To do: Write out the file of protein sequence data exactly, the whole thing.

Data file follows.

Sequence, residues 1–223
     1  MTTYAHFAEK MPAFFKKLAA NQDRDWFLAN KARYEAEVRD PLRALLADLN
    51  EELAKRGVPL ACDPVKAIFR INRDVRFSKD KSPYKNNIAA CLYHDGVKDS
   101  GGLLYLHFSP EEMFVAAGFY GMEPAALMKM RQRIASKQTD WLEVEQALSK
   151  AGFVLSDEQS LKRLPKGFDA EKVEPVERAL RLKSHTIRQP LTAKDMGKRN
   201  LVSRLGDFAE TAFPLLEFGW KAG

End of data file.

Sequence, residues 1–223
     1  MTTYAHFAEK MPAFFKKLAA NQDRDWFLAN KARYEAEVRD PLRALLADLN
    51  EELAKRGVPL ACDPVKAIFR INRDVRFSKD KSPYKNNIAA CLYHDGVKDS
   101  GGLLYLHFSP EEMFVAAGFY GMEPAALMKM RQRIASKQTD WLEVEQALSK
   151  AGFVLSDEQS LKRLPKGFDA EKVEPVERAL RLKSHTIRQP LTAKDMGKRN
   201  LVSRLGDFAE TAFPLLEFGW KAG